Thursday, March 14, 2013

Sweet Tooth by Ian McEwan

Sweet Tooth
As a child and college student, Serena Frome (rhymes with Plume) read anything and everything without discrimination.  For this reason alone I expected to adore this book.  She argues fervently that Jacqueline Susanne's Valley of the Dolls is as good as anything by Jane Austen.  (For the record, Valley of the Dolls is a pretty good book.)  An affair with an older man leads to Serena being recruited by MI5.  The job is less impressive than it sounds - it's the early seventies and (most) female agents are relegated to more or less secretarial work.  With Sweet Tooth, Serena gets to do a more than type and file.

Sweet Tooth is the code name of MI5's secret mission to fund writers with a certain world view.  It is propaganda but more subtle.  Serena's role in Sweet Tooth is mostly to be herself - a pretty girl who likes to read and who can talk about books with intelligence.  (Aside from getting her recruited by MI5, the older man with whom she had the affair took it upon himself to improve her literary taste such that they are more conventional.)  She poses as the representative of a charitable organization that is looking for writer to support and acts as a liaison between the writer and the foundation.  Tom Haley is the writer that Serena is assigned to.  Serena prepares for the mission by reading Haley's short stories and journalism.  She falls in love with the writing.  Then she falls in love with the writer.

I have to admit I was a little bored by Sweet Tooth.  The parts of the book about reading, writing and writers I loved.  I also enjoyed the description's of Haley's fiction.  In between the great passages about reading and writing there were long stretches where I was waiting for something to happen.  The other aspect of this book that bothered me was that although there is a female protagonist, much of this book seems to revolve around how other people (especially the men in Serena's life) steered her life in one direction or another.  First at her mother's insistence, she studies math at college even though she prefers English.  A long time reader of fiction, Serena's older lover molds her into a different kind of reader and thinker and chooses a career path for her.  And not to give anything away, but the end of Serena's Sweet Tooth mission is also due to men.  (This is not a spoiler -  In the opening paragraph Serena/Ian McEwan reveals that Sweet Tooth ends badly for Serena and her lover-writer.)  Very few decisions seem to be of Serena's own choosing and that was disappointing.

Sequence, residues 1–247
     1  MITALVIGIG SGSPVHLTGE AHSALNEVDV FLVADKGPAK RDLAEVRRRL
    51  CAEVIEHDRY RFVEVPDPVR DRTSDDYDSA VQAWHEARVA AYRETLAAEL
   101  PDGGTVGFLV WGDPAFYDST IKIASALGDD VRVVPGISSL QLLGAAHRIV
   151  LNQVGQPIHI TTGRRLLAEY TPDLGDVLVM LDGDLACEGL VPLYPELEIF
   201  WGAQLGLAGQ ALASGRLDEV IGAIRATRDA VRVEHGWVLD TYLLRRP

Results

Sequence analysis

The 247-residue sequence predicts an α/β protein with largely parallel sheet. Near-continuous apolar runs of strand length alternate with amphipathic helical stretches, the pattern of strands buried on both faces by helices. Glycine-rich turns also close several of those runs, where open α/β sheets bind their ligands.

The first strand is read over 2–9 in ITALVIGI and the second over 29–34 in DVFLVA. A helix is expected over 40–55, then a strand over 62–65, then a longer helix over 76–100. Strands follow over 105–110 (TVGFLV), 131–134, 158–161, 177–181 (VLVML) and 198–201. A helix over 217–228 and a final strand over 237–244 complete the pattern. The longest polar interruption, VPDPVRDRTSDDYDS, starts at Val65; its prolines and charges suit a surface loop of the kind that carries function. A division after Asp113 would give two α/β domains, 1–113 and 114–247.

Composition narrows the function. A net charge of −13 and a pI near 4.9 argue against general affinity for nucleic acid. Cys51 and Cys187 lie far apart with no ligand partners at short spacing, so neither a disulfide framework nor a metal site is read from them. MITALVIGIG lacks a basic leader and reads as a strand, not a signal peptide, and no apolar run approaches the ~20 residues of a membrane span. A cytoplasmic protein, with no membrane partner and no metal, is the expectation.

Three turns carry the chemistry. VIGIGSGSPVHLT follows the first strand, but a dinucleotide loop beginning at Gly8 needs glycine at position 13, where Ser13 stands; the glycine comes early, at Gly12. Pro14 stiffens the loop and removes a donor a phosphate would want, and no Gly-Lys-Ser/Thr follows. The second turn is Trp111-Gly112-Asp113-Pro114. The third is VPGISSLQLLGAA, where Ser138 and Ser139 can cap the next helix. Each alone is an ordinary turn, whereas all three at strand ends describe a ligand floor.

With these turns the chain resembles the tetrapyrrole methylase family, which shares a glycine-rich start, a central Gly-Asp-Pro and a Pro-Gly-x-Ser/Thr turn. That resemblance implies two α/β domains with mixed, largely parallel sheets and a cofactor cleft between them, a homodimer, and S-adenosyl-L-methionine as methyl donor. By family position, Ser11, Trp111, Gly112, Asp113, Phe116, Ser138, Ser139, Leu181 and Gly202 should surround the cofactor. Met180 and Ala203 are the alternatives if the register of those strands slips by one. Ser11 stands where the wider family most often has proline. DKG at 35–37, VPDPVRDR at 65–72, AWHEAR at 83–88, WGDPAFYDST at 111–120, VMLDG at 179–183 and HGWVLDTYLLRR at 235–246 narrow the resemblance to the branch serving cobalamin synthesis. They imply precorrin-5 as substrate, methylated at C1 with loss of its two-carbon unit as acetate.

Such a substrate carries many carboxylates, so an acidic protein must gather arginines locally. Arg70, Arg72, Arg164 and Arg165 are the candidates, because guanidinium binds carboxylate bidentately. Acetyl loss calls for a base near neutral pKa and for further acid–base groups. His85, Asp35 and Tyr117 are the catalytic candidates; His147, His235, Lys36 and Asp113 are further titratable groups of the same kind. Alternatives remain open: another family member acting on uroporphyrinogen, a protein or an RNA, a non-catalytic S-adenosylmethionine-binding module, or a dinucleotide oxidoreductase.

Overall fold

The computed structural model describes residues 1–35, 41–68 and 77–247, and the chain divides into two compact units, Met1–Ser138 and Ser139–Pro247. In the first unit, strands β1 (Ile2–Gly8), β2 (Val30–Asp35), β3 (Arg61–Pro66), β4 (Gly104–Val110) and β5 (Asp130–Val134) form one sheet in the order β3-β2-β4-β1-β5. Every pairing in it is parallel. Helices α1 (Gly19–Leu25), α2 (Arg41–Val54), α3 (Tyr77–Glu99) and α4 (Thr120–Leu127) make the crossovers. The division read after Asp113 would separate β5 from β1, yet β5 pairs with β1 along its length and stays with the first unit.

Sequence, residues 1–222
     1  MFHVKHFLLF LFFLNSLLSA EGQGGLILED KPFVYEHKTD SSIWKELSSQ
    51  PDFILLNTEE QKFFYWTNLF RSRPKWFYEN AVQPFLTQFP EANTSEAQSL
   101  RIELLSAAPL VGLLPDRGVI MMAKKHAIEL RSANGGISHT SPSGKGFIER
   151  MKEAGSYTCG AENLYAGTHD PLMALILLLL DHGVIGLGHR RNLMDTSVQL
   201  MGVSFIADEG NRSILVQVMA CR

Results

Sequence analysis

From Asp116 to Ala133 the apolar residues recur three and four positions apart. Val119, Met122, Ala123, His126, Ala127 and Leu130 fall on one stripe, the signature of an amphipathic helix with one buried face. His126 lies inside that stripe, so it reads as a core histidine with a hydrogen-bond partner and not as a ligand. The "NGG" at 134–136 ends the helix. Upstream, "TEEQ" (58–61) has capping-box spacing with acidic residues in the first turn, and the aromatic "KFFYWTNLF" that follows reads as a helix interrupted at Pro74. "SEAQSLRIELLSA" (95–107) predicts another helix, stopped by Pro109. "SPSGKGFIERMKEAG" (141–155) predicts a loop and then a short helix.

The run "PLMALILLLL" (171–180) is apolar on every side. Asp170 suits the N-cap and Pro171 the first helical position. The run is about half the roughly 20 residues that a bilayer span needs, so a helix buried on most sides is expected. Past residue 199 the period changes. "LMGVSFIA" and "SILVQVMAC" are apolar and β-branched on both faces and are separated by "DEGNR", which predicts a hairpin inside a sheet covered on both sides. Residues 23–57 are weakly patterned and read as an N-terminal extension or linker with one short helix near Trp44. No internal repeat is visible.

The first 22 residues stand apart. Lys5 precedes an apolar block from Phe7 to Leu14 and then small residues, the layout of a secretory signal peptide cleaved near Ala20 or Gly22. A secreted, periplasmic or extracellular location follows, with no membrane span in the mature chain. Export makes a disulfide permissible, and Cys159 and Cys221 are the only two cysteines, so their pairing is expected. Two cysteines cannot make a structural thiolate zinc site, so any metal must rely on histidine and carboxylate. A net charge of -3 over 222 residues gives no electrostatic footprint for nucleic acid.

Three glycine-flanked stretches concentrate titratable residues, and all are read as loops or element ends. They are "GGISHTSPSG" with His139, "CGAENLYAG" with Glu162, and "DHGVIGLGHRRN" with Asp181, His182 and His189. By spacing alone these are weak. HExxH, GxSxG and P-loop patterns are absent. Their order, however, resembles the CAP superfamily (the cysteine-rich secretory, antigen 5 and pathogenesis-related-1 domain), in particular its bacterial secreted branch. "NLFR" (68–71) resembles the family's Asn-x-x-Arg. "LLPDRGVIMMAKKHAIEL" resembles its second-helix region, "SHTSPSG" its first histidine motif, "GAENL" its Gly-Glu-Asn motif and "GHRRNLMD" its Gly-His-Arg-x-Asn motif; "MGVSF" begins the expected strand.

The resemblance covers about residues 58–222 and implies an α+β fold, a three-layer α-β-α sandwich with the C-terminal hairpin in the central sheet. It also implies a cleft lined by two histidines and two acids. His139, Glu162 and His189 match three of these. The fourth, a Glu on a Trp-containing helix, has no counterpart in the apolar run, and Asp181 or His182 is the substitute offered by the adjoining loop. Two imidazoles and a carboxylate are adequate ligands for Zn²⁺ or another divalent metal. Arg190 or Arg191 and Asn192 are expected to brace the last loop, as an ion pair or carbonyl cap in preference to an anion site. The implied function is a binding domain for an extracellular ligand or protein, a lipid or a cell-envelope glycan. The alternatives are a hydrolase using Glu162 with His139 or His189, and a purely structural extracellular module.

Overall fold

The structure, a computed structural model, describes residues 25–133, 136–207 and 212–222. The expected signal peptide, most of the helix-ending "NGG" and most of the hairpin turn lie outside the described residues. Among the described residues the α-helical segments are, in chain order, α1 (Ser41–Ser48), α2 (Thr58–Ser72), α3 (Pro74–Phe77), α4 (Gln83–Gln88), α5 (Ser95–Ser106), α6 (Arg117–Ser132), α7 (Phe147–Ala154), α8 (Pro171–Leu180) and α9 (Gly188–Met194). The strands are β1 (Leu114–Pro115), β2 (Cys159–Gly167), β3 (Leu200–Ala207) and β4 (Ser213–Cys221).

This is the second book by Ian McEwan that I've read, the first being Atonement.  I am not sure what I think or how I feel about his writing yet, I'll let you know after I've read more of his work.  One thing I can say, his books always give me pause and make me think long after I've turned the last page.

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